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China's new growth 'low' is still higher than a decade ago

08 September 2016

Not many people predicted the extent and impact of Australia's mining boom. China's incredibly fast growth and development, Australia's mineral riches and our openness to trade and investment all contributed to a quarter-century of unbroken economic growth, our making it through the Global Financial Crisis without slipping into recession or worse, and the raising of our standard of living to its highest level. But the story is not over yet – in fact, it's only just begun.

These days barely a week goes by without someone lamenting the end of the mining boom and/or the slowdown of the Chinese economy. But if the old mistake was to underestimate China's rise, the new mistake is to overestimate China's "slowdown" and its impact on Australia.

At the Australia China Business Council we've been saying for some time that Australia's trade and investment relationship with China will change. But we think it can change for the better. That's why, in partnership with ShineWing and the Australian Centre for Financial Studies, we have this week released a report entitled The Long Boom: What China's Rebalancing Means for Australia's Future. This is a forward-looking report: we wanted to know what the Australia-China relationship might look like 10 years into the future.

The first thing to note is that while the rate of China's growth is slowing, its base is much, much bigger. The absolute size of the Chinese economy has doubled in the last 10 years. This means a percentage point of growth now represents more than double what it did then. In 2006, when China's growth rate was at its highest at 12.6 per cent, $US460 billion of nominal growth was added to its economy. Last year, when growth had fallen to a "low" of 6.7 per cent, $US552 billion was added. China is creating a new economy the size of New Zealand's every 90 to 100 days. So "slowdown" is a relative term.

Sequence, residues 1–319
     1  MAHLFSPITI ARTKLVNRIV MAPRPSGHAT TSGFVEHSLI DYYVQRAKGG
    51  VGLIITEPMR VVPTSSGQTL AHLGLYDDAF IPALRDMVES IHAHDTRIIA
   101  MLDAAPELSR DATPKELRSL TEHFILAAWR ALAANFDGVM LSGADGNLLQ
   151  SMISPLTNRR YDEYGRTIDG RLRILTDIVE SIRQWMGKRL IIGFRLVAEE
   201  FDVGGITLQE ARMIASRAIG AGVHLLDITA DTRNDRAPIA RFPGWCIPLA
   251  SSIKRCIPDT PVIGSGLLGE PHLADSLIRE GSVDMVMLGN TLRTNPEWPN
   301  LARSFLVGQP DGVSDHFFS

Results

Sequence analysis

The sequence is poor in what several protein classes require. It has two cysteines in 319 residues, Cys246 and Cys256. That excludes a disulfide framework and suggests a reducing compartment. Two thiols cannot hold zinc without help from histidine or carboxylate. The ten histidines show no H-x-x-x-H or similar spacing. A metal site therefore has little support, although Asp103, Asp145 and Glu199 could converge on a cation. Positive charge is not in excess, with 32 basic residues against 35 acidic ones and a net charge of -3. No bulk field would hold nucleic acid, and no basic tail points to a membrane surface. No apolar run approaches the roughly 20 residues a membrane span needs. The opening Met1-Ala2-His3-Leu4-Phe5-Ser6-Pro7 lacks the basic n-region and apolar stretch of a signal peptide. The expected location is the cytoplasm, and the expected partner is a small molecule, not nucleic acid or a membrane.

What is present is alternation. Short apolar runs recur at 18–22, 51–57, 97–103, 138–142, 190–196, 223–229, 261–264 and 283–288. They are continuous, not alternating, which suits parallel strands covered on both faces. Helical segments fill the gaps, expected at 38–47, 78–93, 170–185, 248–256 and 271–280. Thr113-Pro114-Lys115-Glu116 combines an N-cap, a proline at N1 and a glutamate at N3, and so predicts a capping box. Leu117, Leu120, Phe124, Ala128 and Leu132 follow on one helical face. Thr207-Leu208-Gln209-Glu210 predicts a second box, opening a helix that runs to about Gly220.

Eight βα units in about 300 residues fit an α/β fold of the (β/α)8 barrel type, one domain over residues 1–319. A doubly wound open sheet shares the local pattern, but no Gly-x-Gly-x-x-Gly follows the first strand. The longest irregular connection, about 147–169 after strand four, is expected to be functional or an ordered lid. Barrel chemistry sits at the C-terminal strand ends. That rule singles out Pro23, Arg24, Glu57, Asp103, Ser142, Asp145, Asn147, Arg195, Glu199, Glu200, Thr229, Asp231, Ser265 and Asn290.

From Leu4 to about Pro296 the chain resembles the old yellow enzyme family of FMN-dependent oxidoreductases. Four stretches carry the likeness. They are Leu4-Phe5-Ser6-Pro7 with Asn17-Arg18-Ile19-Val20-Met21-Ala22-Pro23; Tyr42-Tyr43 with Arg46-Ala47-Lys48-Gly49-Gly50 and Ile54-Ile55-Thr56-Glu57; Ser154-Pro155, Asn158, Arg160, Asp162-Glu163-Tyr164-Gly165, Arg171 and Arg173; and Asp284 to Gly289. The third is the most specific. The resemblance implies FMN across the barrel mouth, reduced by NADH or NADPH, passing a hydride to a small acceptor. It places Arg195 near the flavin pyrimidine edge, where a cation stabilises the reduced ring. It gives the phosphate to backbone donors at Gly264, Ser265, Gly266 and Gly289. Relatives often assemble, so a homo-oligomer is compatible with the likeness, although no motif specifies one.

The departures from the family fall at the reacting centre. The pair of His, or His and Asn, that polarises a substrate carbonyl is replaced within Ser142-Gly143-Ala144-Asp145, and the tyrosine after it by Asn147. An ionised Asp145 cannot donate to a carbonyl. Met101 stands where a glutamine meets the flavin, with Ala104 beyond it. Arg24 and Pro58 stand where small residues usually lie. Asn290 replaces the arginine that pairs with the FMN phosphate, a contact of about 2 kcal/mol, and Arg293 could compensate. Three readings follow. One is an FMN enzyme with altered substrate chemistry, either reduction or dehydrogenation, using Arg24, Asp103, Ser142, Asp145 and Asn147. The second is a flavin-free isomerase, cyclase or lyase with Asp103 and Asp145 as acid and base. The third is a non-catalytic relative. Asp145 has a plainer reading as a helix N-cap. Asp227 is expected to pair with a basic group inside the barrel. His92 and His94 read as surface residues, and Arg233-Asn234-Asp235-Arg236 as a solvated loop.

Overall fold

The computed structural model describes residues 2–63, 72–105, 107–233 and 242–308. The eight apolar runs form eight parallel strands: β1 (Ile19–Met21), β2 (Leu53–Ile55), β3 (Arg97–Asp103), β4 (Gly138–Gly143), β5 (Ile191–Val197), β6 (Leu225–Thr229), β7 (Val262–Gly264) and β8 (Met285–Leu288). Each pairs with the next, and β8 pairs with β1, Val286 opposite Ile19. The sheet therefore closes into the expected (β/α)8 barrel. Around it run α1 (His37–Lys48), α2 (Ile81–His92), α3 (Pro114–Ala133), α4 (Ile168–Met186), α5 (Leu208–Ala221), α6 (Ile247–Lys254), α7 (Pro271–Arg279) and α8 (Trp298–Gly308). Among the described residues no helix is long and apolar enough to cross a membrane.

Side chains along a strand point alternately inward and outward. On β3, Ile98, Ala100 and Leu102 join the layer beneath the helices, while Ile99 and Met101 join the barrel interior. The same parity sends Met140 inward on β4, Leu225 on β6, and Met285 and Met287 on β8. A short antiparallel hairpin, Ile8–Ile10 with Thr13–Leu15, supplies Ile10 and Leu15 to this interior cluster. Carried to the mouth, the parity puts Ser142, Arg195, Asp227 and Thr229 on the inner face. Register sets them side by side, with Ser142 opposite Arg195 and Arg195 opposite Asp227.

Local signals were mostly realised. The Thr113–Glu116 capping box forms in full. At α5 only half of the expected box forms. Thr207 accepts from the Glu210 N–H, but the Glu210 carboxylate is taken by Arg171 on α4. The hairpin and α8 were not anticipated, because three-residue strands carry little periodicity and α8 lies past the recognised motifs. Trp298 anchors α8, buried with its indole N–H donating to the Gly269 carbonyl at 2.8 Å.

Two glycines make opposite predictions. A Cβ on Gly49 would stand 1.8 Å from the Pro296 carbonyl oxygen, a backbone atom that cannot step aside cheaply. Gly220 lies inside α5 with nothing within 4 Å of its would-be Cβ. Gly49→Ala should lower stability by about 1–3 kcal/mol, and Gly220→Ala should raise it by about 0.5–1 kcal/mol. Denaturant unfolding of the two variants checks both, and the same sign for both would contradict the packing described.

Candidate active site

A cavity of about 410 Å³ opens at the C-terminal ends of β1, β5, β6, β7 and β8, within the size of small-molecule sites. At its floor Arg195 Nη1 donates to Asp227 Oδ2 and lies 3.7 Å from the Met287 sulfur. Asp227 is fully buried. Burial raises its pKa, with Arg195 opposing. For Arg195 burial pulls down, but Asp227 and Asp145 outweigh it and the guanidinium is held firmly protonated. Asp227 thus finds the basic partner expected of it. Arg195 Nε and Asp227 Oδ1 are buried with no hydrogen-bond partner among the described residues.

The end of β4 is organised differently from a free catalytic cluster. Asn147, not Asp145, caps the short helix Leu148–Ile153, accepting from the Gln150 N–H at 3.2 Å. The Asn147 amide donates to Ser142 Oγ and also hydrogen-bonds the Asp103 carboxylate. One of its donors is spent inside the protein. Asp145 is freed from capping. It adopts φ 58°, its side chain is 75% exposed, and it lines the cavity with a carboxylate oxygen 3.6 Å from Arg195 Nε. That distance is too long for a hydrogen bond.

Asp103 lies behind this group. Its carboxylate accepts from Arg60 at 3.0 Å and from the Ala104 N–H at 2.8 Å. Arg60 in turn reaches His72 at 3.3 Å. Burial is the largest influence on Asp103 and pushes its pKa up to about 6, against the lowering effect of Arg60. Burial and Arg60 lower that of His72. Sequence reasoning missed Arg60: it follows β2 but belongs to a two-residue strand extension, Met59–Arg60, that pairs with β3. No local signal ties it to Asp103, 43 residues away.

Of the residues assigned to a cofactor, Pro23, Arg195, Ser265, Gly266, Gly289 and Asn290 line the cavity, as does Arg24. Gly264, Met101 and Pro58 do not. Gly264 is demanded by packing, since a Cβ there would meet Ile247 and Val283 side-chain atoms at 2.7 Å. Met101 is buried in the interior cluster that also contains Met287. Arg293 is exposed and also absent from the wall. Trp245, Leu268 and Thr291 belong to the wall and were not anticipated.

Middle class surge

But the real story in China today is the rise of the middle class. This is unprecedented in scale and speed. By one conservative estimate there are now 109 million middle class adults in China, and ANZ predicts that by 2030, 93 per cent of China's population will fall into this category.

What does this mean for Australia? It means a growing demand for the goods and especially the services that Australia, if we're smart about it, can supply. As Chinese incomes rise, so does demand for high quality health care and education, protein-rich food, tourism and financial services. We are as rich in these areas as we are in resources – and in fact the benefits of a boom in the service sector will be spread far more evenly throughout our economy than was the case in the mining boom.

Our report suggests that over the next 10 years, under a relatively conservative scenario for Chinese growth, tourism employment in Australia could increase by more than 50 per cent; more than 100,000 new jobs could be created in financial services; more than 200,000 in education and training; and almost half a million in healthcare and social assistance. And we must not forget the construction sector: 177,000 new jobs could be created by 2026 thanks to a growing need for new hotels and tourism infrastructure, new educational facilities, and more – all resulting from new Chinese demand.

But there is no room for complacency. Australia is hugely sensitive to changes in China's growth profile – we're in the top 20 countries worldwide when ranked by export exposure to China. The last nation we were exposed to in this way was Britain in the 1950s. China now accounts for nearly 25 per cent of our two-way trade, which is nearly double that with Japan, our next biggest trading partner. But we can't assume we're ready to take advantage of China's rebalancing.

 

Ability to respond

Governments must make sure their policy settings are right. Our ability to respond to a changing China will depend in part on visa rules, foreign investment screening thresholds, export finance and investment, and the implementation of the China Australia Free Trade Agreement (ChAFTA).

Businesses supplying the China of tomorrow will need to realise that while the old "rocks and crops" trade did not need to adapt much according to its export destination, services are different. Selling to China means understanding China, and businesses need strategies to cater to specific new customer tastes and requirements.

Our report asks a simple question: are we prepared for the day when 25 per cent or more of Australia's services exports will be destined for China? If we get the answer right, one million new jobs can be created in Australia in the next 10 years, and we may find ourselves talking in years to come about another China boom – one that is smarter and cleaner than the last, and with the benefits spread right across Australia.